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Study finds Sen. Elizabeth Warren's wealth tax would raise 30 percent less than her campaign estimates

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Photo by Scott Eisen/Getty Images

According to a recent study, the wealth tax plan put forward by Democratic presidential candidate Sen. Elizabeth Warren (Mass.) would raise 30% less than her campaign has estimated.

The Penn-Wharton Budget Model finds that Warren's plan — which would tax wealthy American families at 2% of net worth above $50 million and 6% above net worth above $1 billion — would raise between $2.3 trillion and $2.7 trillion between 2021 and 2030.

Those estimates, which fluctuate based on whether macroeconomic effects are included in the model, are $1.05 trillion to $1.45 trillion less than the figure Warren's campaign has touted: $3.75 trillion. That means the total amount raised would range from 28% to 39% less than the Warren campaign's estimate.

What's the background?

Taxing the rich has been a hotly debated subject in recent political discourse and a pet issue for many populist politicians, like Warren, who desires to use the tax dollars accrued from the rich to pay for entitlement programs like Medicare for All.

In January 2019, Warren proposed a tax on high-net worth American families that would place a tax burden of 2% on net worth above $50 million. As a presidential candidate, she added a 6% tax on net worth above $1 billion to the plan, which is called the "Ultra-Millionaire Tax."

Warren points to "an extreme concentration of wealth" among the very rich in America as the impetus for her plan.

Soon after her January 2019 proposal, several other candidates in the Democratic field, including Sen. Bernie Sanders (I-Vt.), also launched wealth tax plans.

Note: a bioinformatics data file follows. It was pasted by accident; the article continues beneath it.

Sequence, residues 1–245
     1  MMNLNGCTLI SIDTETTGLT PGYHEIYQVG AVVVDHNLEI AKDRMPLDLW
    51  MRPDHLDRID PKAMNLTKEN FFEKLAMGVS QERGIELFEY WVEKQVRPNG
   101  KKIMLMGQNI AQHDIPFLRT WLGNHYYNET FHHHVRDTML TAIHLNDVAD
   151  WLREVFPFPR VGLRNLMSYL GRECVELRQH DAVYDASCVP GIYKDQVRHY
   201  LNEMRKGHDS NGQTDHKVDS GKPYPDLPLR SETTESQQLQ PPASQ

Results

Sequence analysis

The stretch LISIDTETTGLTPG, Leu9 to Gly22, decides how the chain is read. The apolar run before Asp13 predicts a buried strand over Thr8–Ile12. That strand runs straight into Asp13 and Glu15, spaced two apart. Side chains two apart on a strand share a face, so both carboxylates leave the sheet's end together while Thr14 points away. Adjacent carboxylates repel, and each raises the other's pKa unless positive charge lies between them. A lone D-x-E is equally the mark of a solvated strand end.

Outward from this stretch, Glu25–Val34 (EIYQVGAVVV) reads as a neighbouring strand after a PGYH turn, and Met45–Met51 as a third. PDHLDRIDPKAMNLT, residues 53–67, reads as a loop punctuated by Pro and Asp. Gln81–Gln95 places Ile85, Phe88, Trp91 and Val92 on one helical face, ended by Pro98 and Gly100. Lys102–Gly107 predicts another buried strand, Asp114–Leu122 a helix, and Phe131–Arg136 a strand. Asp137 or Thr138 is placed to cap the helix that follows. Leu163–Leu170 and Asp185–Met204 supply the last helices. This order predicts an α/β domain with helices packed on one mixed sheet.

The Penn-Wharton study notes that the constitutionality of a wealth tax is currently being debated by legal scholars and also that wealth tax plans have been tried in other countries, but to no avail.

The campaign says tougher enforcement would make the difference

A Wall Street Journal article on the news records the response of Simon Johnson, an economist at the Massachusetts Institute of Technology and an informal adviser to the Warren campaign.

"You need a big investment in enforcement apparatus, which has been rather depleted — and Warren has got that in her plan," he argued.

Johnson also pushed back against the Penn-Wharton study's assertion that Warren's plan would diminish economic growth in the long run by discouraging investment and consequently raising less revenue by arguing that view doesn't match recent experience with the economy.

"It feels like to me like they're modeling the world of 1992, 1994," he said.

Saloni Sharma, an official campaign spokeswoman, added: "This is an analysis of a different and worse plan than Elizabeth's, using unsupportable assumptions about how the economy works, and its conclusions are meaningless."

One last thing…
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